You may be familiar with the saying: ‘The journey is just as important as the destination.’ But when it comes to your daily commute and your health, this familiar phrase takes on a whole new, and quite literal, significance.
Increasing amounts of research show that how we travel to work – our daily commuting choice – can have a profound impact on our overall health. There’s now compelling evidence that active commuting methods, such as cycling and walking, not only make for a pleasant start to the day but can also play a significant role in fending off some severe health conditions.
From a reduced risk of cardiovascular disease to lower chances of developing cancer, and even improvements in mental health – the benefits of ditching the car keys for walking shoes or a bike helmet are compelling. What’s more, these active commuting options have even been linked to lower overall mortality rates.
Study reveals drivers have largest cardiovascular risk
In a recent study published in the journal Preventive Medicine, a team of researchers investigated the cardiovascular impacts of different commuting methods.
Pulling data from the UK Biobank, which included over 200,000 participants, they examined a spectrum of commuting habits, from active modes like cycling and walking, to passive ones like driving. Results revealed participants who frequently walked or cycled to work, showed lower risks of certain cardiovascular issues compared to car commuters.
Walking commuters were notably linked with a reduced risk of low levels of HDL (‘good’ cholesterol) and apolipoprotein A, while cycling commuters were less likely to have high triglyceride levels and certain other risk factors.
Interestingly, these health benefits appeared to amplify with each additional mile walked or cycled. On the flip side, drivers faced a different story. With every extra 10 miles travelled per week, the risk of high cholesterol and triglyceride levels, among other issues, increased. Even the dietary habits of car commuters differed, with a higher percentage of them consuming processed meats compared to bicycle commuters.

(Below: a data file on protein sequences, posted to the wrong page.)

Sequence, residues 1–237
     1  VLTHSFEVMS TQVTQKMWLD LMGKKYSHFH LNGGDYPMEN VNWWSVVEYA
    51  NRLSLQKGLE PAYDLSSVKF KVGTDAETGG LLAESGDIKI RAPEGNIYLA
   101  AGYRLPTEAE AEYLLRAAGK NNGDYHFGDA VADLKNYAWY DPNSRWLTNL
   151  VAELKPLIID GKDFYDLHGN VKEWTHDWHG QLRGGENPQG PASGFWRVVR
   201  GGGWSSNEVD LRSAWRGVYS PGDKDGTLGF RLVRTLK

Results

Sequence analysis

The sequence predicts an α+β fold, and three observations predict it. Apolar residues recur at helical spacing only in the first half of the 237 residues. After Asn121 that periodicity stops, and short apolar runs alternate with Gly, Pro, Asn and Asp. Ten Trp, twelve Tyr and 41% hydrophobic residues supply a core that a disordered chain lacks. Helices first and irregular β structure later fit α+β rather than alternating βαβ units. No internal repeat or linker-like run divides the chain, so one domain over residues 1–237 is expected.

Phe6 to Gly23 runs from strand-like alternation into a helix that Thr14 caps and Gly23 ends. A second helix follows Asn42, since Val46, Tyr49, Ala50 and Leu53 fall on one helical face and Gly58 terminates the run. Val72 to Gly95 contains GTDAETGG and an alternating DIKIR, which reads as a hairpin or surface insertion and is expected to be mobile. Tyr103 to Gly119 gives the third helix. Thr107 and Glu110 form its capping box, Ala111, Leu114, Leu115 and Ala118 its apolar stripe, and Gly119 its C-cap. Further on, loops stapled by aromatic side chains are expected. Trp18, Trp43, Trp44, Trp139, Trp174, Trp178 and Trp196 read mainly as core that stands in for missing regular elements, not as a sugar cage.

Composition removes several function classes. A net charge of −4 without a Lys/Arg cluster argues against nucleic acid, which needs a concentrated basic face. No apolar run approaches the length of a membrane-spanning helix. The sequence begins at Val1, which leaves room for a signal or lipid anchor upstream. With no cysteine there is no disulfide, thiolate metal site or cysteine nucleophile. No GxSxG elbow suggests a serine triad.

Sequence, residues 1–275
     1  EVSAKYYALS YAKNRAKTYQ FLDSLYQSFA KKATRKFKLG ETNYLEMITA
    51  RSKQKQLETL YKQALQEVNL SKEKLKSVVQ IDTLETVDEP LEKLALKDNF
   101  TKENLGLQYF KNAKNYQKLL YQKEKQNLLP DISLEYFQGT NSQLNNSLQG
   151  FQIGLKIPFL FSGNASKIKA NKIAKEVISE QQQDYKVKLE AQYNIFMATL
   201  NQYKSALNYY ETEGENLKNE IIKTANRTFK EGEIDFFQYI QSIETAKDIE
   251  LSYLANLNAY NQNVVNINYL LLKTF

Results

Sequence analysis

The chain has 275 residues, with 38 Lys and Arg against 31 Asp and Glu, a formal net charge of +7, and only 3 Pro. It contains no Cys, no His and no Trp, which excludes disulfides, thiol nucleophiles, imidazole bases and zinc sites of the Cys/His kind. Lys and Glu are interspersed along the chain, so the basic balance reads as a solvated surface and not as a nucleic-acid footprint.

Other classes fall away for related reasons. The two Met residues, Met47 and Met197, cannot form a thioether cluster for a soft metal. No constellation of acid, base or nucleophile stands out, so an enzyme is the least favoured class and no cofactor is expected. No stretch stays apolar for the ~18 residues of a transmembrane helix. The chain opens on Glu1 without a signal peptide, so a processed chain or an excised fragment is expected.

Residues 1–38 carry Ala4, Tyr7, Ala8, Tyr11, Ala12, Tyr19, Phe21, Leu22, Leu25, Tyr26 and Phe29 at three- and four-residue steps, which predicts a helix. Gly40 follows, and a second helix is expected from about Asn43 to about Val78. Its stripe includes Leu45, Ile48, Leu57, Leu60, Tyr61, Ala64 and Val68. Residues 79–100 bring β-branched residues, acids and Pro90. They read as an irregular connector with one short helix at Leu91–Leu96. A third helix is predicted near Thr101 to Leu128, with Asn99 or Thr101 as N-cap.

Clearly, it’s not just the journey but the mode of travel that could influence the destination – in this case, our heart health.
The benefits of active commuting
Active commuting, like walking or cycling to work, is more than just an eco-friendly choice – it can have a profound impact on your cardiovascular health.
A close look at the UK Biobank study findings, reveals that those who choose to lace up their shoes or ride a bike to work, can experience reductions in risk factors for cardiovascular disease, certain cancers, and type II diabetes.
Walking and cycling at the recommended intensity of around 150 minutes per week, could slash premature mortality risks by 11% and 10%, respectively.
Researchers from the Physical Activity for Health Research Centre (PAHRC) also have good news for active commuters. Their research indicates that in all but the most polluted environments, the health benefits gained from active travel far outweigh the risks from air pollution.
Looking after your cardiovascular health
Opting for a more active commute is just one way to protect your cardiovascular health. According to the British Heart Foundation, approximately 7.6 million people are living with circulatory and heart diseases in the UK.
If you want to learn more about protecting your cardiovascular health, schedule a consultation with leading cardiologist, Dr Konrad Grosser.